21. 5. Blayne Enlow Current/Future Slider: 50/50 The last time Enlow appeared in a professional game, he was pitching well at High-A as a 20-year-old. Now he is 22-years old, and he has made some adjustments. His fastball sits in the low-90s, but he has a ton of spin on it, which can make it tough for hitters to make solid contact. When he locates his slider, it can be his best pitch. Some refer to his slider as a cutter because he gets similar action on the pitch. He should be pitching in the upper levels of the minors this year as he continues to improve his repertoire. 4. Yennier Cano, RHP Current/Future Slider: 50/55 Cano might be the least recognizable name on this list as the team signed him out of Cuba back in 2018. His fastball can reach the high-90s but his arm slot allows him to throw a slider, sinker, and splitter. He has experience on the Cuban National Team and in the Puerto Rican Winter League. He’s already 26-years old and he has never pitched higher than High-A. That being said, his fastball and slider combination might be enough for him to earn a middle relief job at the big-league level. 3. Edwar Colina, RHP Current/Future Slider: 50/55 Colina is going to be used in the bullpen and he will likely be relying on two pitches, an overpowering fastball and a slider. His slider is hard for batters to make strong contact because of how hard he throws it. He commands his slider better than his fastball and he can rely on the pitch in almost any count. Colina’s stocky build and starter experience might give way to him becoming a multi-inning reliever in the years to come. Either way, he is a very intriguing relief prospect. 2. Jordan Balazovic, RHP Current/Future Slider: 50/55 Like the top name on this list, Balazovic was a late addition to the team’s alternate site and reports were good. Out of the team’s top two pitching prospects, Balazovic is the only one that throws a slider, and it is his second-best pitch overall. This is the pitch he uses to miss bats and his mechanics allow it to play up against right-handed hitters. As he continues to develop, his slider should also be a weapon against lefties, especially with the presence of his ever-improving changeup. 1. Matt Canterino, RHP Current/Future Slider: 55/60 During last season, Canterino was a late addition to the team’s alternate site, but he is clearly one of the team’s top pitching prospects. His slider and his changeup both project to be plus pitches and his fastball can hit the mid-90s. His four-pitch mix gives him a chance to be a big-league starter and his slider projects to be the best pitch. Since being drafted, he has slowly moved up Twins prospect lists and he can end the 2021 season in the team’s top-5 prospects. How would you rank these players? Does someone else make the list? Leave a COMMENT and start the discussion. OTHER POSTS IN THIS SERIES -Fastball Prospects -Speed Tool Prospects -Hit Tool Prospects -Power Tool Prospects MORE FROM TWINS DAILY — Latest Twins coverage from our writers — Recent Twins discussion in our forums — Follow Twins Daily via Twitter, Facebook or email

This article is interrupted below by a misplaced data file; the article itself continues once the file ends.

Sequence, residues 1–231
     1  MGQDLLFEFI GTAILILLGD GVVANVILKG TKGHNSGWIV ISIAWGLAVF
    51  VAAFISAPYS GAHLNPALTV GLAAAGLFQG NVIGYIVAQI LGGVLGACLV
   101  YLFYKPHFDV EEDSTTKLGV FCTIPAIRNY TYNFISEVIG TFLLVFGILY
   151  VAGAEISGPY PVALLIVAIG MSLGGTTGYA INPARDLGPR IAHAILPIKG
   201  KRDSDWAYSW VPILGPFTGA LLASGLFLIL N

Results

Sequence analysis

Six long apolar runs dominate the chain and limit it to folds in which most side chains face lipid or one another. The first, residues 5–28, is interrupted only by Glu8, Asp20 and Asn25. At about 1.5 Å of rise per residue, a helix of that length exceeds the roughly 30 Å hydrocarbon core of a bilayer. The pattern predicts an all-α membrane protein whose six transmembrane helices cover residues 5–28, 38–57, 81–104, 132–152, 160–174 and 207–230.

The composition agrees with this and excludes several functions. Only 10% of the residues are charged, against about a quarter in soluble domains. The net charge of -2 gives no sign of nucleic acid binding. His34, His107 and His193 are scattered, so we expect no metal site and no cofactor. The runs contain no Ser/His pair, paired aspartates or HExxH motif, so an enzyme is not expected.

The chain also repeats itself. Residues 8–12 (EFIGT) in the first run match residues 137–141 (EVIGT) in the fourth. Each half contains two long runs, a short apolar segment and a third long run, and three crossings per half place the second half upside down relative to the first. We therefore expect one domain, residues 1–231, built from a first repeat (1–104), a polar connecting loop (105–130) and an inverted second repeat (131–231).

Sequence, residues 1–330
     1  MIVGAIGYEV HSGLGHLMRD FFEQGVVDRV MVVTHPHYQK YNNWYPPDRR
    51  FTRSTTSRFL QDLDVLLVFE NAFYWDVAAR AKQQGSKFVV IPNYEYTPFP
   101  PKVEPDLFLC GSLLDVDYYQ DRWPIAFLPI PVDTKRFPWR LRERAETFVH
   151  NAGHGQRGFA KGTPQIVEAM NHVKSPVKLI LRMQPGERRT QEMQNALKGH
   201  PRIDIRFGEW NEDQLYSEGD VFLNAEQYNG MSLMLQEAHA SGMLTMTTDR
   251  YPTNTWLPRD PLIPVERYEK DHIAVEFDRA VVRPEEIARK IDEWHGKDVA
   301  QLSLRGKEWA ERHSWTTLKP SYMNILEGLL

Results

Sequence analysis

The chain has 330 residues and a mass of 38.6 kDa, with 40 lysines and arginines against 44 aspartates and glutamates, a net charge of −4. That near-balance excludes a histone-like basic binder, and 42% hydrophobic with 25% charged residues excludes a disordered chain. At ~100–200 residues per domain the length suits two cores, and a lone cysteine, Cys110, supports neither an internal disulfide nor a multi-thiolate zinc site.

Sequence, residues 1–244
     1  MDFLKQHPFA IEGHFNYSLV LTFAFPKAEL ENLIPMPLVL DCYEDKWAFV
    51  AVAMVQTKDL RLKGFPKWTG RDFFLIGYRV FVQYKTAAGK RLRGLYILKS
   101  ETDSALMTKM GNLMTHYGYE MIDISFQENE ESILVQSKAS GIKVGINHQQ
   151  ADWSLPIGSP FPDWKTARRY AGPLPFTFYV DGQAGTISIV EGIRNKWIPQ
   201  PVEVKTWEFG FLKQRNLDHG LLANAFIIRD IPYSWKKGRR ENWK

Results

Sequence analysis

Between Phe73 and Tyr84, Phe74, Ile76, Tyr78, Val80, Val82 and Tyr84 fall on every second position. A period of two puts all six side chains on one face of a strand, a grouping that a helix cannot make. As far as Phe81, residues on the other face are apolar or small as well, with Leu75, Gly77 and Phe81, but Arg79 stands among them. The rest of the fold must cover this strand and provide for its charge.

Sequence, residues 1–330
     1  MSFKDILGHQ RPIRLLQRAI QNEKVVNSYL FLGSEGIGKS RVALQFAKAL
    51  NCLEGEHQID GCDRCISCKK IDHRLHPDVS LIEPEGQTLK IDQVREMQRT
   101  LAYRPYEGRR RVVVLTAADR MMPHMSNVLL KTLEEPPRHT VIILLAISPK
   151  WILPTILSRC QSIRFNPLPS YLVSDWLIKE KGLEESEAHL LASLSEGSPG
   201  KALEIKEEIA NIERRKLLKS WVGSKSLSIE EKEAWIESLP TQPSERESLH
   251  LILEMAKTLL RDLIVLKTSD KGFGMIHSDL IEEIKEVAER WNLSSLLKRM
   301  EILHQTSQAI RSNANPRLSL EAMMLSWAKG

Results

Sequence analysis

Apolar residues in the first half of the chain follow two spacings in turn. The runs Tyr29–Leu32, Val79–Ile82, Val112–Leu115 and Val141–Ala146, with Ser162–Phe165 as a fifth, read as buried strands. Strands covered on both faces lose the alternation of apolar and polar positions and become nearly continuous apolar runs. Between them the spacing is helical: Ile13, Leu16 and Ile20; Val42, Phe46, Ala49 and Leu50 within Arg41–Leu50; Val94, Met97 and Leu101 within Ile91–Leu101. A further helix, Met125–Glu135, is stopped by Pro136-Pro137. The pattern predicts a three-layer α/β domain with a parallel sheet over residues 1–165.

22. Position: RHP Age: 22 (DOB: 9-17-1998) 2019 Stats (Low-A/High-A): 93.2 IP, 2.69 ERA, 0.98 WHIP, 12.4 K/9, 2.4 BB/9 ETA: 2022 2020 Ranking: 5 2019 Ranking: NA National Top 100 Rankings BA: NR | MLB: 97 | ATH: 63 |BP: NR What’s To Like Canada hasn’t exactly been a hotbed of MLB pitching talent, but Balazovic looks to buck that trend in the years to come. Last year, he was added to the organization’s alternate site in St. Paul before ending the year in the team’s instructional league. By season’s end, he was added to Minnesota’s 40-man roster and that leaves him even closer to making his big-league debut even though he has yet to make an appearance above the High-A level. One positive to come out of last year’s pandemic was Balazovic was able to concentrate on adding weight to his lanky frame. When Minnesota selected him in the fifth round, he was a long and lean 17-year-old that was listed at 6-foot-3 and 175 pounds. Since then, he has added two inches in height and bulked up to 217 pounds. This has helped his fastball move from the high-80s into the mid-90s. Many scouting reports praise him for his pitching deception as hitters can’t pick up the ball well out of his hand. Typically, he uses his fastball at the top of the zone, and it has helped him to post SO/9 totals north of 11.0 over the last two seasons. He throws strikes and he has four pitches that he isn’t afraid to throw in any situation, which make him a very projectable big-league arm. What’s Left To Work On Like many budding pitching prospects, Balazovic continues to refine his secondary pitches. His change-up is the biggest work in progress, but he has made significant strides since joining the organization and it has a chance to be an above average pitch. This pitch will help him to attack left-handed hitters, but he might already be able to do that since lefties only hit .189/.232/.269 against him in 2019. Currently, his slider is his out pitch although he uses his curveball to get strikes as well. He has yet to pitch over 100 innings in any professional season, so that will be an important milestone for 2021. His violent delivery helps to add some deception, but this can also be a concern. Some pitchers with violent deliveries suffer from health or control issues, but neither of these have been a concern so far in Balazovic’s career (knock on wood). What’s Next Last season, Balazovic worked hard to make sure he got invited to the alternate site before the season ended. This allowed the coaching staff to work closely with him and for the front office to get a better idea of how ready he was to take the next step. As mentioned last week, he is good friends with Blayne Enlow, another Twins top pitching prospect, and they keep pushing each other up the organizational ladder. How aggressive will the Twins be with Balazovic this season? It seems most likely that he would spend the majority of the season at Double-A with an outside chance of appearing with St. Paul before the season is complete. Last winter, president of baseball operation Derek Falvey said that he expected Balazovic and Jhoan Duran to make their MLB debuts. It didn’t happen in 2020, so the time might be right in 2021. Do you think Balazovic should be the Twins top pitching prospect? Leave a COMMENT and start the discussion. Twins Daily 2021 Top 20 Prospects Honorable Mentions 20. Bailey Ober, RHP 19. Jose Miranda, INF 18. Alerick Soularie, OF 17. Ben Rortvedt, C 16. Edwar Colina, RHP 15. Cole Sands, RHP 14. Misael Urbina, OF 13. Matt Wallner, OF 12. Brent Rooker, OF/1B 11. Gilberto Celestino, OF 10. Blayne Enlow, RHP 9. Matt Canterino, RHP 8. Aaron Sabato, 1B 7. Keoni Cavaco, SS 6. Jordan Balazovic, RHP Stop by tomorrow for prospect #5! MORE FROM TWINS DAILY — Latest Twins coverage from our writers — Recent Twins discussion in our forums — Follow Twins Daily via Twitter, Facebook or email